We said goodbye to my dad on Monday. Dad had many facets to his long life, but I thought it would be appropriate to record here a few things about his wartime experience in the RAF.
|This is my dad W/O Dennis Spencer DFC on leave in India 1944, sorry I don't know the name of the dog!|
When the war started, he was working as an engineer in London and he continued to do this throughout the Blitz and on into 1941. At that time his work was classified as a reserved occupation but following one air-raid he emerged from the works shelter to see a group of Spitfires flying low overhead and decided there and then that he would volunteer for the RAF.
Being somewhat reserved by nature the glamour of being a pilot didn’t appeal to him so he chose to volunteer as a Navigator thinking this would make the best use of his technical skills. He had to wait a few months to be called for basic training during which time his call-up papers arrived for the army, he told me he was very pleased to be able to return them!
|This is a photo he took from a Hampden bomber during a training flight in Canada. It shows two other Hampdens flying in formation, probably somewhere near Vancouver Island.|
He did his basic training at Babbacombe in Devon before moving on to Cranwell where he learnt the art of navigation flying on Anson trainers. In common with many RAF personnel he was then shipped to Canada, travelling out on a convoy at the height of the U-boat war. He did a period of training at Hamilton and Charlottetown before taking the train across The Rockies to Patricia Bay to complete operational training on Hampden bombers. He qualified as a Navigator/Wireless Operator.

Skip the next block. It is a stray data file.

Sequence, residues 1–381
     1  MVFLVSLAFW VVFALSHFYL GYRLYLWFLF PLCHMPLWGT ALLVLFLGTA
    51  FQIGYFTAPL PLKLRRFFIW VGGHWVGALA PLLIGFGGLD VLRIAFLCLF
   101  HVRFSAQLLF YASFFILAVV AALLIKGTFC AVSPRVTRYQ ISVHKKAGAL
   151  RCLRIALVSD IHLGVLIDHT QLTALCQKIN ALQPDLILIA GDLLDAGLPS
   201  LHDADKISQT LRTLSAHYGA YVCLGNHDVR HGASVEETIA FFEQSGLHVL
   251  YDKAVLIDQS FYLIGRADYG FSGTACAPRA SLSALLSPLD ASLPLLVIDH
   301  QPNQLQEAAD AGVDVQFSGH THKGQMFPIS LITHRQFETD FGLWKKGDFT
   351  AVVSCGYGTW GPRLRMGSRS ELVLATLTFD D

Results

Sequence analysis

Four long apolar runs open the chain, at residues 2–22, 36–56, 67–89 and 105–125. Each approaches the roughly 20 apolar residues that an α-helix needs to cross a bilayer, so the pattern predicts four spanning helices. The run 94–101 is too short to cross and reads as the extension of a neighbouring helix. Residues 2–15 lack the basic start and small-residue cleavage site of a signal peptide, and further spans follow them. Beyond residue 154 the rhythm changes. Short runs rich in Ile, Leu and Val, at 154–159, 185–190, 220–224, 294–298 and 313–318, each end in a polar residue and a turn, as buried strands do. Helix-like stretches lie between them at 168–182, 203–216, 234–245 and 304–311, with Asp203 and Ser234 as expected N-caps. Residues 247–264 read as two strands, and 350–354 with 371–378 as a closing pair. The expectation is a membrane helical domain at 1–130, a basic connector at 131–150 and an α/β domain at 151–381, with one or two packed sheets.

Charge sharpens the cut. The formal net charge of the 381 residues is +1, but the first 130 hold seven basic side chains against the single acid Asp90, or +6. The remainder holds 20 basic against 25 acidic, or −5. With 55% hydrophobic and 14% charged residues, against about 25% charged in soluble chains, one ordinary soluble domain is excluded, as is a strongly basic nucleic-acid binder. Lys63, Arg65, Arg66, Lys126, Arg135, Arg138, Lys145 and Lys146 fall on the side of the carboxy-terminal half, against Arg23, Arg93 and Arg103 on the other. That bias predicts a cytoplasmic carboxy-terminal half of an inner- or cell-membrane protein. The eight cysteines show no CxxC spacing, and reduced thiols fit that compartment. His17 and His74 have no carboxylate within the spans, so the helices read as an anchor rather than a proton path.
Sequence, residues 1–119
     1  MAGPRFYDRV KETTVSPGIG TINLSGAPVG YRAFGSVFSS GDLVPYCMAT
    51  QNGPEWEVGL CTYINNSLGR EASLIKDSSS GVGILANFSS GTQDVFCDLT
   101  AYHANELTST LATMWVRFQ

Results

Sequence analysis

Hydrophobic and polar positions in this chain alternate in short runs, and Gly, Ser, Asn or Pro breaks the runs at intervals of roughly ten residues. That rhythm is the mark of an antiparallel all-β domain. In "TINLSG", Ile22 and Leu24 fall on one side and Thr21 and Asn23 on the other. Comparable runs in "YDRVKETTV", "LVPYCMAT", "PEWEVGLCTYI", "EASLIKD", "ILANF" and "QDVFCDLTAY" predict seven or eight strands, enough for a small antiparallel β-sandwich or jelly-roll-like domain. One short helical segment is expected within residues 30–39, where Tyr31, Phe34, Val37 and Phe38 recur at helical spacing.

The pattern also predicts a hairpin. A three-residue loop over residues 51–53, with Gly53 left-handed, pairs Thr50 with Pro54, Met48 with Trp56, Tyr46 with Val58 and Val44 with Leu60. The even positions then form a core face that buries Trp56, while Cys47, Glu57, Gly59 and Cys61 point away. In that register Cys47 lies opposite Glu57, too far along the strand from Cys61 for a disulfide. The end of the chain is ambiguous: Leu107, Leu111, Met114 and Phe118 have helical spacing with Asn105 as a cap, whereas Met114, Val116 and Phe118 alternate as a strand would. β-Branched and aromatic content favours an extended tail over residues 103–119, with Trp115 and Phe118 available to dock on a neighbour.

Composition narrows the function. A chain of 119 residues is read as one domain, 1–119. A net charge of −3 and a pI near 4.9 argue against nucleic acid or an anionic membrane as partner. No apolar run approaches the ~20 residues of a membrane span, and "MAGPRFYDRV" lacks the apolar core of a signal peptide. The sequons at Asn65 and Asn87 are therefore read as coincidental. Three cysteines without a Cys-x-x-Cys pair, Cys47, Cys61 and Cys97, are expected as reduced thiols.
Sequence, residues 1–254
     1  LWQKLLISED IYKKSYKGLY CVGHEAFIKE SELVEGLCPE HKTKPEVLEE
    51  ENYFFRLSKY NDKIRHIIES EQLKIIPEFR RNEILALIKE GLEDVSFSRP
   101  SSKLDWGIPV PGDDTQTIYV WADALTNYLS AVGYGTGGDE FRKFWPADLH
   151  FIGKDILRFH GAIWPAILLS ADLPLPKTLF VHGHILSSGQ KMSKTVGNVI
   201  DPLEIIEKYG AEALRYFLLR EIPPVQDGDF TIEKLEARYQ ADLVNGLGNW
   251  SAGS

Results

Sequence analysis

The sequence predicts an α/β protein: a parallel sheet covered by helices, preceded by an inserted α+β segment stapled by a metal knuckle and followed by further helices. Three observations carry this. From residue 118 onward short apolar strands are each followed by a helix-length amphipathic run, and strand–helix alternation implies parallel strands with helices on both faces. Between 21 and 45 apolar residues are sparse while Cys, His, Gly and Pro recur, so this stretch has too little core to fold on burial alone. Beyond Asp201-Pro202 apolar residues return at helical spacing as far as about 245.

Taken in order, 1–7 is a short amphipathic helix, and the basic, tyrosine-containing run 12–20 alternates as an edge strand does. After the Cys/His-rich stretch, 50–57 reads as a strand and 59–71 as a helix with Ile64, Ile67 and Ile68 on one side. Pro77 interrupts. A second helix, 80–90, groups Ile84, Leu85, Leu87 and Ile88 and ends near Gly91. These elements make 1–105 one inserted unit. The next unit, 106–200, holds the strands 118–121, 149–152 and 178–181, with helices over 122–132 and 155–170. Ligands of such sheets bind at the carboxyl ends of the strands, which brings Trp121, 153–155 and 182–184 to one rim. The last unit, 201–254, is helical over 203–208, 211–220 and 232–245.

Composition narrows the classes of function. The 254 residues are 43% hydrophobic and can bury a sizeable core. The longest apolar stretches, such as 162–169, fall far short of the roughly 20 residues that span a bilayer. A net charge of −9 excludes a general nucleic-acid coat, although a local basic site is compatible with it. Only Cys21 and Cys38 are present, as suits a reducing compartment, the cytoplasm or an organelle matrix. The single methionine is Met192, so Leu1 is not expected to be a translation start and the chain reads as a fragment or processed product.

|This picture is of the Navigation classroom at Mount Hope, Canada. I found a copy of his Navigation textbook which looked too complicated for me - you had to be a skilled mathematician to safely guide a plane in those days.|
Dad loved the Hampden and loved Canada, he even somehow managed a short-term engagement to a lady called Betty (mum used to roll her eyes when he recounted that tale). Here he also had his first experience of how dangerous his chosen occupation really was when one of the other crews were killed in a crash-landing. The pilot had only been married for a few weeks and they all had to have a whip-round to get enough money to give his wife the fare home.
Coming back to the UK in 1943 (this time on the Queen Mary which could out-run the U-boats) he was sent to Crosby-on-Eden (now Carlisle airport) which he said was dismal and wet after life in Canada. The Hampden was being withdrawn from service as obsolete, so he had been sent with his pilot to convert to Beaufighters. The course also involved learning to use a new invention – underwing rockets – and it was on a take-off to the firing range that he experienced his first crash-landing when an engine overheated and they came back to earth with a bang, fortunately both he and his pilot were unharmed.
Dad and his pilot Geoff (they had crewed up in Canada and remained together through all his operational flying) expected to be posted to Coastal Command which was where the Beaufighter was mostly employed at this time. Instead they were told they were going to SEAC (South East Asia Command) and would be ferrying a plane all the way to India.
|I found this slip in his log book, it's a movement order for part of his epic trip from Cornwall to India.|
Although the war in North Africa was now over it was still no mean feat to fly an unarmed Beau crammed with spares all the way from Portreath in Cornwall to Allahabad in India. It’s a tribute to his skills as a navigator and Geoff’s as a pilot that they made it without incident.